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John G. Stackhouse, Jr.


A Bigger—and Smaller—View of Mission

From his base at Regent College in Vancouver, British Columbia, from whence he occasionally looks askance at what's happening in the neighboring land south of the Canadian border, John Stackhouse defies the notion that there is any conflict between first-rate scholarship and public engagement. One day presiding over a scholarly conference, the fruits of which he will see into print; the next day writing a razor-sharp op-ed piece; then working on one of his own scholarly projects; then reading proofs of his latest book for thoughtful general readers—Stackhouse does it all with a sense of mission and a healthy skepticism for received opinion.

No surprise, then, that we were interested in getting his answer to the question currently on the table for the Christian Vision Project: What must we learn, and unlearn, to be agents of God's mission in the world?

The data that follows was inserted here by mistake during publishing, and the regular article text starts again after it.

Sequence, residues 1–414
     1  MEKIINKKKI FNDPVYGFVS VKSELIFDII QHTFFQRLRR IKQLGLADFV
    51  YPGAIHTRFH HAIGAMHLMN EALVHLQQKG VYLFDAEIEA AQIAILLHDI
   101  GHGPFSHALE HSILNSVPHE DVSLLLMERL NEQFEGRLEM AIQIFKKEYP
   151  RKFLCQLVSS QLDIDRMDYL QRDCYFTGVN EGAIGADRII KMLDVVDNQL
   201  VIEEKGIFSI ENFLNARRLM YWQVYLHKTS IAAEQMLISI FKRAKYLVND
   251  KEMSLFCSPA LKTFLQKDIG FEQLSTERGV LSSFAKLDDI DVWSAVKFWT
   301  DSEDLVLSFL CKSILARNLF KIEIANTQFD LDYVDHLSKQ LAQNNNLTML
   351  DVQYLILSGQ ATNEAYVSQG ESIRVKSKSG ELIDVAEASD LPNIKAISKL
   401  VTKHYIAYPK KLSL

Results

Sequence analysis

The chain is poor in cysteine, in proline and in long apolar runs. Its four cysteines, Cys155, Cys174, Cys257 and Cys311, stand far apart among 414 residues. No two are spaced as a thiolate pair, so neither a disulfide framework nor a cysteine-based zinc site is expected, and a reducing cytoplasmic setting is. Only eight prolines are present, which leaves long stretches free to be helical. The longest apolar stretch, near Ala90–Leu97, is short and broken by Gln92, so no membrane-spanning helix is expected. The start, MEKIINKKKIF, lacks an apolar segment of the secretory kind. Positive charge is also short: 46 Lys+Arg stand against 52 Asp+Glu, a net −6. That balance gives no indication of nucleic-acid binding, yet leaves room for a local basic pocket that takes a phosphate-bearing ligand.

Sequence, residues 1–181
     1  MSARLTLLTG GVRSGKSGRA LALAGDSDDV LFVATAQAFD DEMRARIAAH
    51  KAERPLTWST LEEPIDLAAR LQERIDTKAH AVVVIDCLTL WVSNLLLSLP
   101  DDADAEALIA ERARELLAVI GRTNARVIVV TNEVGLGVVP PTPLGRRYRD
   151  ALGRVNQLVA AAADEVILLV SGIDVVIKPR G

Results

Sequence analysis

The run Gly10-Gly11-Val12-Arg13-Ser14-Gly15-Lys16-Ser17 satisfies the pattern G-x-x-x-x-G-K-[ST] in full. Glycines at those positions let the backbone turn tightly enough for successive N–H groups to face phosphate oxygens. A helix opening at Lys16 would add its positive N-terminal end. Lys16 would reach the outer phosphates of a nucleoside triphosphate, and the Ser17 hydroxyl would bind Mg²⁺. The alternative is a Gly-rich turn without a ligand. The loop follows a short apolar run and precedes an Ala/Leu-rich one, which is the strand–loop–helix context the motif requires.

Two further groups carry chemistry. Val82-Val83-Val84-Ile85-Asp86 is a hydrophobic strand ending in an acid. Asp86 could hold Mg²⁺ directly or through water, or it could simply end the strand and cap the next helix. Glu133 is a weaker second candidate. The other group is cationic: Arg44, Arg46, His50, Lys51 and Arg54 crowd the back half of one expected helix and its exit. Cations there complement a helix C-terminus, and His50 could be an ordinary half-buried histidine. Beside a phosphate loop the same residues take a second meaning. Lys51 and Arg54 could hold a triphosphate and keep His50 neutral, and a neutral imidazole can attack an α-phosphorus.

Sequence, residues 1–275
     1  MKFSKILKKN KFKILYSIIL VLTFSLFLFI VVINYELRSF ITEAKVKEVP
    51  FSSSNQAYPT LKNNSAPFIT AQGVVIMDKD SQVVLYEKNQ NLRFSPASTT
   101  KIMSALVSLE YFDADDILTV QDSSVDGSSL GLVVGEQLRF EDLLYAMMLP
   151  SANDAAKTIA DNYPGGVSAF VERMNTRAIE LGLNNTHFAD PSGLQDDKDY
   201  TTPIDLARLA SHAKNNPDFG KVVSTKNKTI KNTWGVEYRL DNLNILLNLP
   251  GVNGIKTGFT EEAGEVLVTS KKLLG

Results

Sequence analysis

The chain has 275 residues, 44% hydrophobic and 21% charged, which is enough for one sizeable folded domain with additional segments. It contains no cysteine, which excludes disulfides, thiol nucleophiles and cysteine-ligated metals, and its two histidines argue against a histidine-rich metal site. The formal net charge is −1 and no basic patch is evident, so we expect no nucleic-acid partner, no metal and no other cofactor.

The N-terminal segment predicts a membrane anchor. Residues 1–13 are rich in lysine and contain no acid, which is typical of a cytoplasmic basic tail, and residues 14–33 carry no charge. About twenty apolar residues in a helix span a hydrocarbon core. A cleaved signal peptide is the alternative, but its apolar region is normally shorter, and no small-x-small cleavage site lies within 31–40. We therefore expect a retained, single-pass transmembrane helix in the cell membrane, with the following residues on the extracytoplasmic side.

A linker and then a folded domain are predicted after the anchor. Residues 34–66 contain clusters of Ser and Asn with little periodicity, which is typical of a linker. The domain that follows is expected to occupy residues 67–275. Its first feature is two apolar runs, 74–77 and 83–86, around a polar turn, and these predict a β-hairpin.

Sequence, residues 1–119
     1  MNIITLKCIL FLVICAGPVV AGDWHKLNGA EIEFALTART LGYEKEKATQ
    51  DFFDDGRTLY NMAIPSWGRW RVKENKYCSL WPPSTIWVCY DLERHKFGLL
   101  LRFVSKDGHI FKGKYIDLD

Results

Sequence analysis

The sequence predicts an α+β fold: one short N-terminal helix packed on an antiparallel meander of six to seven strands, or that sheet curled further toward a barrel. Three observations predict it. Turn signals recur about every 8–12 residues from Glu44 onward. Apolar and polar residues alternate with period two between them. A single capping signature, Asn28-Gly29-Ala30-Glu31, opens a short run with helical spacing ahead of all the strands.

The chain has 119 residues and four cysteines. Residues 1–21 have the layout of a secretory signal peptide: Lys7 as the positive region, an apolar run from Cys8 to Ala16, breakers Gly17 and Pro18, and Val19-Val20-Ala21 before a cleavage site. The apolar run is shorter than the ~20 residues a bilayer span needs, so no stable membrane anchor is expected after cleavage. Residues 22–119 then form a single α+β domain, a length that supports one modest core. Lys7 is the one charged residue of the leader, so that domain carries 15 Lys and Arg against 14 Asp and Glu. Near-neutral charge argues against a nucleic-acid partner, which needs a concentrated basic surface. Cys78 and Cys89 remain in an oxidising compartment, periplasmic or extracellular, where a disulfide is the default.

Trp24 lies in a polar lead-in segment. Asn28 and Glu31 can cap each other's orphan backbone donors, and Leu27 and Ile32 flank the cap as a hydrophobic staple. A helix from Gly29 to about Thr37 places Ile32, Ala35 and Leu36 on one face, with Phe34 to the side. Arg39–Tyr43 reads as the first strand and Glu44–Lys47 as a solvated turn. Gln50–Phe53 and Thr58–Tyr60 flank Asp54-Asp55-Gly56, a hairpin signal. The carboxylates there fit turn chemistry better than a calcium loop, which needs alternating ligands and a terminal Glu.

Anyone who is sent on a mission had better be clear about what is being asked of her and why. If she is not clear about the nature and rationale of the mission, she risks trying to do too much, or not enough, or the wrong thing entirely. She also risks trying to do the wrong thing for the right reason or the right thing in the wrong way.

Let's begin, then, with two ways in which our view of mission should expand. First, Christians typically have believed that those who have not heard the name of Jesus are simply lost and destined for hell. Much of the energy of the great 19th-century missionary movement among Westerners, and much of the impetus of missions work around the world to this day, has come from the horror of a Niagara of souls pouring into a lost eternity for want of an evangelist.

We also need to acknowledge, however, a corresponding horror in the hearts of many—including many missions-minded Christians—about a God who allows whole nations and generations to plunge into a lost eternity simply because no one happened to reach them with the gospel. Does faithfulness to the Bible mean we must retain ...

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